Defense lawyer, Daniel (Danny) Brookman, has been a surfer and a Venice resident since the early 1960’s. That’s a lot of waves and lots of days as a “Venetian.” You could also say he’s a renaissance man and maybe even a superhero. – by Jack Neworth
You see Danny’s law practice specializes in rescuing those with drug addiction from getting trapped in the prison system but it’s always been an uphill battle. However, after forty years, the pendulum finally seems to be swinging in the direction of rehabilitation over incarceration. Some prominent Democrats and Republicans are working together toward substantial prison reform, which has been long overdue.
Danny even has a superhero history in his private life. A few years ago, while surfing in Venice, he single handily rescued two swimmers caught in a dangerous riptide. The EMTs didn’t arrive until after he had gotten them both on shore. But no, after the heroic event, Danny did not go into a phone booth and change into his Clark Kent outfit. (For starters, there aren’t any phone booths anymore.)
As for the “renaissance man” reference, it’s even reflected in his exercise. Part of his regimen includes boxing, a sport he loves. In fact, for the public’s use,he donated speed bag equipment at Venice’s Muscle Beach. It also includes surfing, which provides Danny with balance. After long, frustrating days in court, surfing ties him to nature and fosters his concern for the environment.
As for family life, Danny and his wife, Linda, a USC professor, have three sons and a wonderful home in Venice. With an office on Main Street in Santa Monica, Danny has been practicing law since 1972. He has represented thousands of clients, including the late drug guru, Dr. Timothy Leary, and actor Robert Downey, Jr.
But Danny’s primary focus is as an acknowledged expert in alcohol and drug related crimes, rehabilitation and intervention therapies. In helping those in legal trouble with these issues. his goal is to keep them out of the already overcrowded Prison Industrial Complex and, hopefully, get them treatment to facilitate getting their lives back on track.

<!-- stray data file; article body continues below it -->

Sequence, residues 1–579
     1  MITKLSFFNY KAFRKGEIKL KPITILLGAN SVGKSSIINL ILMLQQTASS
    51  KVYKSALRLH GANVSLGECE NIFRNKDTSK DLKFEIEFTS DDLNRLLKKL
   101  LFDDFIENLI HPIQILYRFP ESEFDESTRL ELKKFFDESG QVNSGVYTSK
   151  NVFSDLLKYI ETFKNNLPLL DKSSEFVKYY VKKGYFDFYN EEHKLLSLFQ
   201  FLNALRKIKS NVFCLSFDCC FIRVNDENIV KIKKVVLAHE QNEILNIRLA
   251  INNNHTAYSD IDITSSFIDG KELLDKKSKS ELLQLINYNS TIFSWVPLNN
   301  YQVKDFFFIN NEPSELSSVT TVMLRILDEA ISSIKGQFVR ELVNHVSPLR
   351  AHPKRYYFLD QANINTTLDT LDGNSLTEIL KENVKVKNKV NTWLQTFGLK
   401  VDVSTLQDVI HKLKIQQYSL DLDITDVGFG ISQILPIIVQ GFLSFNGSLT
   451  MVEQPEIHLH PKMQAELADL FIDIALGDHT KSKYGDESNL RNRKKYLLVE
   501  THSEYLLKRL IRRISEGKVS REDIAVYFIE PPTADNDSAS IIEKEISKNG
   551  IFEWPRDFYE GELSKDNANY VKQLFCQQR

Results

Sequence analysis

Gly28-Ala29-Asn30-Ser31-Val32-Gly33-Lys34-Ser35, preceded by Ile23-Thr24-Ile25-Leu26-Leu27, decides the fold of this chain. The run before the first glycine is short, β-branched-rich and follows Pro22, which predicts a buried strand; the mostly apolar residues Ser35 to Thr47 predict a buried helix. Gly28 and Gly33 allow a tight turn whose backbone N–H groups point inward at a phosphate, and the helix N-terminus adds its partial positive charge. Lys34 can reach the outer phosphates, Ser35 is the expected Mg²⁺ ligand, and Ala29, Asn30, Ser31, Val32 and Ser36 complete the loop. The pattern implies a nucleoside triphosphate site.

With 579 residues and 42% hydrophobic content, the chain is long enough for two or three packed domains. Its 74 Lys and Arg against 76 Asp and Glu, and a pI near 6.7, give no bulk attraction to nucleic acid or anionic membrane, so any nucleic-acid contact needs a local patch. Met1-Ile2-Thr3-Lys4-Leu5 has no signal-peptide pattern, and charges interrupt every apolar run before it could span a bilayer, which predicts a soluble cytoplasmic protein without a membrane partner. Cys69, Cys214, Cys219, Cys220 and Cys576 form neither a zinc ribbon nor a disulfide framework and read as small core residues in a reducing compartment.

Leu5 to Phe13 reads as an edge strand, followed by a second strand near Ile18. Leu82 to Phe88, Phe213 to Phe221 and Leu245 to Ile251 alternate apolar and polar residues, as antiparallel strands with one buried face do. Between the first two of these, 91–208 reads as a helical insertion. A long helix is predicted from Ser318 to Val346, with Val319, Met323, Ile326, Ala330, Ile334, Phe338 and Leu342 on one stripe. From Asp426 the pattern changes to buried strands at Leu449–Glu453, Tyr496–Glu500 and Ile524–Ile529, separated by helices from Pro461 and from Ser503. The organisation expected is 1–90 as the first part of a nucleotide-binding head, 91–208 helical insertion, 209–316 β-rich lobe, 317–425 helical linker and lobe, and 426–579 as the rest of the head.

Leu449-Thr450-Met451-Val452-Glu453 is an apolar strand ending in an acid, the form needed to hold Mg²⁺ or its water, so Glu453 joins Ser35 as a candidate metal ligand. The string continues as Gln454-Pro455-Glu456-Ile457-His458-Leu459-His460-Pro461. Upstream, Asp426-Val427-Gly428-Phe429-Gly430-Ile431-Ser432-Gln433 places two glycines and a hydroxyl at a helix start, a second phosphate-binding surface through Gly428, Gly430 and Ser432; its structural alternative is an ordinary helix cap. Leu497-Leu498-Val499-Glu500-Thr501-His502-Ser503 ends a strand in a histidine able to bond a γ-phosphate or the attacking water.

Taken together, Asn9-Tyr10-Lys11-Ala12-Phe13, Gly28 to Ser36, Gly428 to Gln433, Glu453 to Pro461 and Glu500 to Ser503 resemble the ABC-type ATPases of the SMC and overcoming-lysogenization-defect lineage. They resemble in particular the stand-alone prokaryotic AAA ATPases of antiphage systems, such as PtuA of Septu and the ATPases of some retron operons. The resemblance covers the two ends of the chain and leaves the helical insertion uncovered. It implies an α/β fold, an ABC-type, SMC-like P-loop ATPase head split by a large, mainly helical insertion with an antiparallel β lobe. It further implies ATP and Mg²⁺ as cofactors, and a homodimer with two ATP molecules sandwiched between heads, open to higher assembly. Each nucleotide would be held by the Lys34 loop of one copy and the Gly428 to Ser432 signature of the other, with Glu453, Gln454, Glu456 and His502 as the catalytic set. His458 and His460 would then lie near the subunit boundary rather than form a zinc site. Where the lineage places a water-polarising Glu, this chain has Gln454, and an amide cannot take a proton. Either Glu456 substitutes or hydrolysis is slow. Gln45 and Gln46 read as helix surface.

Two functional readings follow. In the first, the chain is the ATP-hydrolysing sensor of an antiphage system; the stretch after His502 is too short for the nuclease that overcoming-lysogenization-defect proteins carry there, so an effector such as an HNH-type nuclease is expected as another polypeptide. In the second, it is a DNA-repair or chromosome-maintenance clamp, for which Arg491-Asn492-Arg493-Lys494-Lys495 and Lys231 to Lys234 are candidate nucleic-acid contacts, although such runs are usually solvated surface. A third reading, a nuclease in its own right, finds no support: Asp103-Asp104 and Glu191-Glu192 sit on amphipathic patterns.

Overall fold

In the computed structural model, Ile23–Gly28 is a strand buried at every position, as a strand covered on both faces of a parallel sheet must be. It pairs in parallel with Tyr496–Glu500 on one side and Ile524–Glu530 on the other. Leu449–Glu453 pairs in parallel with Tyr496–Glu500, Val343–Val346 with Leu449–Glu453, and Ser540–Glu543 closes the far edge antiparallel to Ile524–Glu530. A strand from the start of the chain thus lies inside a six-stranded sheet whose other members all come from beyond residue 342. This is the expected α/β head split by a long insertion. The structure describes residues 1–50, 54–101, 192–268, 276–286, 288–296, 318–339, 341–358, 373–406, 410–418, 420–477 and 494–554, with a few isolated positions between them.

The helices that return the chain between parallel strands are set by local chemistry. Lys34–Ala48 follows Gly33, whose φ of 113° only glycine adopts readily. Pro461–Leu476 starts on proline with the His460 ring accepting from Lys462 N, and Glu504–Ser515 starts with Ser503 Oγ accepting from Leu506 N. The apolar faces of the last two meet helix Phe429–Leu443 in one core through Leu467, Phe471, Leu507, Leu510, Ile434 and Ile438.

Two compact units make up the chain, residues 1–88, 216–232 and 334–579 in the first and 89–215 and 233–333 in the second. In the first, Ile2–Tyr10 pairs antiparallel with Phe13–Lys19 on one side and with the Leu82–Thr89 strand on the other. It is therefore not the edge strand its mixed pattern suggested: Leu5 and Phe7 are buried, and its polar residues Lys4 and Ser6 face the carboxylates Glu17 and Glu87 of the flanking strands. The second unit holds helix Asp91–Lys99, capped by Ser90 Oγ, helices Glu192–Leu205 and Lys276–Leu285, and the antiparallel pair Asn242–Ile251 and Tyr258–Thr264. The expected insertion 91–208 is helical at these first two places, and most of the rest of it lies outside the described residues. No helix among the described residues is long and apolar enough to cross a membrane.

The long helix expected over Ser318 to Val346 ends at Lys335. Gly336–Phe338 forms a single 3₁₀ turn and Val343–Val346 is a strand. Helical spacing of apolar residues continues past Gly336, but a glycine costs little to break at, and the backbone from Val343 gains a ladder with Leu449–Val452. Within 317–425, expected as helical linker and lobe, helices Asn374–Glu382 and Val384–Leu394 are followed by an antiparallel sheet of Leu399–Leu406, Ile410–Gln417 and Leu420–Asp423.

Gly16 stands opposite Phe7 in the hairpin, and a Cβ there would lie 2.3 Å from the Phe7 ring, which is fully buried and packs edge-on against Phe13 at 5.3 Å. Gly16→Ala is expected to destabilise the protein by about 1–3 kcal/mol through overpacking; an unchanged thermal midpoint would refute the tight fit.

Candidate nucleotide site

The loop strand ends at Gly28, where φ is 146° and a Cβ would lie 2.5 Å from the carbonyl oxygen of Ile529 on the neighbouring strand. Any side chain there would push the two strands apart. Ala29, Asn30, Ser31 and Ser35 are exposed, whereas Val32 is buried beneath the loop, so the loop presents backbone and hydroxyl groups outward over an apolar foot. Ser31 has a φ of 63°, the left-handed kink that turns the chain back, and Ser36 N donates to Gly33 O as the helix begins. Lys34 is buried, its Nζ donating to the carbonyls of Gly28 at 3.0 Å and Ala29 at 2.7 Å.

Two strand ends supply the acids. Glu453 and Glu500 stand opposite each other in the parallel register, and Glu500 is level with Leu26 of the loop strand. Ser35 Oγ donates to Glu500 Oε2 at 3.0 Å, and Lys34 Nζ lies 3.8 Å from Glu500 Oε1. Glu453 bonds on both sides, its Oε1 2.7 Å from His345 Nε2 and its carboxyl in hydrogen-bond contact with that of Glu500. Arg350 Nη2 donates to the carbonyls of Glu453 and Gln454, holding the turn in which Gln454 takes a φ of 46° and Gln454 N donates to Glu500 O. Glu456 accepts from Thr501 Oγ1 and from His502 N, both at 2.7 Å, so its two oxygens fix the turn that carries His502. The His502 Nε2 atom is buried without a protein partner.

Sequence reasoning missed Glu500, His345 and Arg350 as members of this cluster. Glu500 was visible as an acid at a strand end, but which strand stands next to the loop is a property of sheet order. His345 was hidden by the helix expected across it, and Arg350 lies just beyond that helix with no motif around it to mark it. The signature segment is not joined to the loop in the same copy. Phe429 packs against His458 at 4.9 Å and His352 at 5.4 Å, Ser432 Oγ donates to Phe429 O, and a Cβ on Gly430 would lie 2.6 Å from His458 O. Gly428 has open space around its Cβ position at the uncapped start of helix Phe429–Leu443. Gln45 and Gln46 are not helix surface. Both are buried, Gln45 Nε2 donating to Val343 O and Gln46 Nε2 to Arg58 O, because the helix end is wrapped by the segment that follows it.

Personally, Danny has traveled extensively through Europe, Asia, Central and South American. Professionally, he’s appeared in national magazines such as GQ, People and U.S. Weekly and on TV, including the Today Show. (He also “appears” for coffee every morning at Starbucks, which is how we met.)
It long ago became obvious to Danny that at the root of much crime (i.e. drunk driving, domestic violence, etc.) are issues of substance abuse. Addiction and abuse affects an entire universe of the individual. Family members, friends, jobs – are all impacted. In fact, sad as it is, it’s rare to find a family that has not been harmed by substance abuse. Everybody it seems has a parent, child, sibling or friend who’s experienced addiction.
Danny is gratified that our court system has finally begun to recognize drug usage as a social and medical issue rather than strictly a legal one. In many areas of criminal law, rehabilitation, intervention and counseling have begun to replace simply locking people up.
Sentencing reform is coming with good reason. While the U.S. accounts for 5% of the world’s population, it accounts for 25% of the world’s prisoners. We have more people in penitentiaries than China.
We also have more prisons than universities and, in some states, more prisoners than college students. We spend $80 billion a year on mass incarceration and yet a substantial percentage of inmates in prison are in for non-violent, drug-related crimes connected to addiction.
Senators Rand Paul (R-Ky) and Cory Booker (D-NJ), at opposite ends on the political spectrum, are teaming up to reform sentencing guidelines. Even Texas senator and presidential candidate,Ted Cruz, (when not trashing Donald Trump and vice-versa ) is on board.
To his credit, Bill Clinton candidly criticized his own 1994 Crime Bill. “We wound up putting so many people in prison that there wasn’t enough money left to educate them.”
As Danny notes somberly, substance abuse is epidemic in America. It reaches across all strata of society, rich and poor, privileged and under-privileged. But, always fighting to make a difference, he’s continually inspired by the adage, “That to save a life is to save the universe.”